For Sports Networks, You Gotta Pay to Play


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By Alex Sherman on April 05, 2012 Bloomberg Businessweek

With baseball’s Opening Day come the annual rites of spring: hot dogs, Cracker Jack, and rising cable bills. The insatiable demand for sports has long fed the pay-TV ecosystem, largely because the fees to show all those games are easily passed on to consumers. But this season, pay-TV outfits are struggling to figure out how they can absorb the surging cost of sports programming without alienating customers.
Cable and satellite-TV executives worry that sports programming has become such a lopsided component of basic-cable packages that non-fans may be tempted to drop their subscriptions and make do with Netflix (NFLX), Hulu, and other Web-based entertainment options. Convergence Consulting Group says 1.05 million Americans dropped their pay-TV subscriptions to rely solely on online video in 2011. But attempts to segregate sports channels into premium packages that cost more have hit roadblocks.

A typical cable system pays Walt Disney’s (DIS)ESPN, the most expensive cable channel, $5.06 per subscriber per month, says researcher SNL Kagan. Add to that fees paid to the 50-odd regional sports networks (RSNs) that hold the rights to carry more localized events, everything from the National Basketball Association’s Los Angeles Lakers to Big Ten collegiate sports. On average, the cost of an RSN surged 52 percent in the past five years, to $2.49 per user per month, Kagan estimates. That’s more than four times what Comcast’s (CMCSA)USA, cable’s most-watched network, will charge pay-TV operators monthly in 2012 and more than double the price of No. 2 Disney Channel.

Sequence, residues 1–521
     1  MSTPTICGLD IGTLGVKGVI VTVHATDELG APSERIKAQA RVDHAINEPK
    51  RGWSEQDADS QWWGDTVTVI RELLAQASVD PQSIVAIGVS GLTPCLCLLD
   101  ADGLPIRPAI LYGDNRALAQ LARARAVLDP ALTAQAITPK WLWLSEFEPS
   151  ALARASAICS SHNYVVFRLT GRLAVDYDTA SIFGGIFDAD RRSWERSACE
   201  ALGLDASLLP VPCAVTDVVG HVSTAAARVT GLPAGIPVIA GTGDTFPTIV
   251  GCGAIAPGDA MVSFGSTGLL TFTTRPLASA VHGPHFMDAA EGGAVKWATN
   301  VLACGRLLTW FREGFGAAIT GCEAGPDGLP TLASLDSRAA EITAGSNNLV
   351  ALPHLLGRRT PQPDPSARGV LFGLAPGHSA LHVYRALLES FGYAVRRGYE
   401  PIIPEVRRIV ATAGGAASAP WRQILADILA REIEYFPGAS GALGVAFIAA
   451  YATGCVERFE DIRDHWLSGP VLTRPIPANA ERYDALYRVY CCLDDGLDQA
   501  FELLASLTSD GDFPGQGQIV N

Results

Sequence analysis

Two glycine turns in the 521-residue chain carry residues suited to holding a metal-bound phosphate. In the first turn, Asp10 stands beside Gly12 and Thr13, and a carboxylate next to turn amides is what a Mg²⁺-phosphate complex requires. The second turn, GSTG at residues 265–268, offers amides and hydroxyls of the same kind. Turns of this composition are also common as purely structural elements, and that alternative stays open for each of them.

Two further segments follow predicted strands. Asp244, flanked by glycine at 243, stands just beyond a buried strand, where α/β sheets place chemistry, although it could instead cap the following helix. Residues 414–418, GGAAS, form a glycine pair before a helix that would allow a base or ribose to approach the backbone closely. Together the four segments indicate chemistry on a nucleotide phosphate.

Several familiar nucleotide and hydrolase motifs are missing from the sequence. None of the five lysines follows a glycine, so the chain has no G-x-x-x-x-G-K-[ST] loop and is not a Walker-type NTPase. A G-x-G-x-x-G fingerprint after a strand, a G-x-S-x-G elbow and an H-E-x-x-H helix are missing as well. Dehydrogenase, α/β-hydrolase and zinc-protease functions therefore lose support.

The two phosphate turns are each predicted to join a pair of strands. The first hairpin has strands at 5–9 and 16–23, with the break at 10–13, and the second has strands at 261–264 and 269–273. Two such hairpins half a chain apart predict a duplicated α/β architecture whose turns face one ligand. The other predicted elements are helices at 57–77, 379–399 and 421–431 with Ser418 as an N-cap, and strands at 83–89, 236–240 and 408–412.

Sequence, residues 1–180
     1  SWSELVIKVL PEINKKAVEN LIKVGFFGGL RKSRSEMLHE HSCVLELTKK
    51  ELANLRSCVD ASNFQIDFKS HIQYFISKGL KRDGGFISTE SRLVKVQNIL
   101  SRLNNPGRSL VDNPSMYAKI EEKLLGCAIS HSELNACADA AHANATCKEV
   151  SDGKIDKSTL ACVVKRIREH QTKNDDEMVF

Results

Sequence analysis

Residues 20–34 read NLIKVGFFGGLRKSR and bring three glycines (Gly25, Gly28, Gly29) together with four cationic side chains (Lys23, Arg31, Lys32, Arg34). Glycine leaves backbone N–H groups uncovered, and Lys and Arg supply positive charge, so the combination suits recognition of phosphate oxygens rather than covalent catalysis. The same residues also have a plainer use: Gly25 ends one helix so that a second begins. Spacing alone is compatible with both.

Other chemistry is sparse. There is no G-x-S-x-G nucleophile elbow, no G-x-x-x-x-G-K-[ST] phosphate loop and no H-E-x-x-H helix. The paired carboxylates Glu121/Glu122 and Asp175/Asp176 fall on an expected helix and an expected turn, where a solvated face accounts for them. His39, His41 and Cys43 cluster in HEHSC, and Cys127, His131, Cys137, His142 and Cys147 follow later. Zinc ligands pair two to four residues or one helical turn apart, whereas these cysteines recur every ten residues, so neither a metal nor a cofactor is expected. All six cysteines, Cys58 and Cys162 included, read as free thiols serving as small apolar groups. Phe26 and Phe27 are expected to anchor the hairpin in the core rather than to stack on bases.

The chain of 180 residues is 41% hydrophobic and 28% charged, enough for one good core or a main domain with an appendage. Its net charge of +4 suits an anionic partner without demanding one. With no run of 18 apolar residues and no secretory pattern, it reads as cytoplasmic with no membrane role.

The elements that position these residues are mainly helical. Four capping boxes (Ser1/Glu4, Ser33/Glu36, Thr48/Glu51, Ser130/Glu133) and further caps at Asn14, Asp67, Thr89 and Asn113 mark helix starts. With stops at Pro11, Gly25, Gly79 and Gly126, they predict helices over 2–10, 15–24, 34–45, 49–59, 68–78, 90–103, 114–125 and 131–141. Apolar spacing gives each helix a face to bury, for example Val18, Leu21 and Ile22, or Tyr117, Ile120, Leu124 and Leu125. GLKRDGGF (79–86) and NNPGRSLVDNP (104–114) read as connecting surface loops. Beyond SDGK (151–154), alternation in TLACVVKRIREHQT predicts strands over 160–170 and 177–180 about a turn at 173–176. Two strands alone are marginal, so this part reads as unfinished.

RSNs will raise fees by 8.3 percent this year, Kagan estimates. But the TV portion of a typical cable bill rose only 4.4 percent in 2011, estimates Sanford C. Bernstein (AB). Markets including Boston, New York, and Washington have two or more regional sports channels, multiplying the cost to cable systems and stoking competition for content.
Read More: For Sports Networks, You Gotta Pay to Play - Businessweek

I'm a football fan. I'm not a fan of other sports. Most NFL, and lots of college football is on free OTA TV. On the other hand, if your a local NBA or NHL fan your pretty much stuck with cable. But, you need to understand that your cable bill is a direct reflection of your sports addiction. Gotta pay to play!!!


Here is a not so nice truth. The cable tv subscribers that are not interested in sports are forced to subsidise the sports likers. Cable tv packages are often set up so those that are not interested in sports must take the sports package to get the channels they are interested in. And/or are charged more for the non sports channels to subsidies the sports likers. Here is a truth , most people are not interested in sports and do not follow sports. However sports likers think that every one is interested in sports except for 3 strange people in all of the world , one is in the USA , the second is in Canada , and the third is in South America somewhere.
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My wife and I love golf. The Golf Channel is probably the one channel we miss the most since going OTA a year ago. Wife especially misses having LPGA coverage. If Golf Channel offered a streaming package like MLB or NFL I'd gladly pay $10-$15/month for it. I came close to signing up for MLB's online package but couldn't figure out if Red Sox games broadcast on the other team's TV network would be subject to the blackout their NewEnglandSportsNetwork games are.



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I think the average person likes something, be it gymnastics, figure skating, football, volleyball, baseball, or Olympics. They may not be sports enthusiasts though. My thing these days is NASCAR so I pretty much just care about the Speed Channel and ESPN for a limited number of weeks when they carry the races. NASCAR makes it particularly difficult because its Sprint Cup races are divided upon three channels -- ABC for the beginning of the season, TNT for the summer months, and then ESPN to finish it off.


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I came close to signing up for MLB's online package but couldn't figure out if Red Sox games broadcast on the other team's TV network would be subject to the blackout their NewEnglandSportsNetwork games are.
The answer is yes. The local team's games are going to be blacked out... They are trying to protect their local network/provider. MLB.TV also doesn't show advertising. More on this later over at Internet TV Forums.

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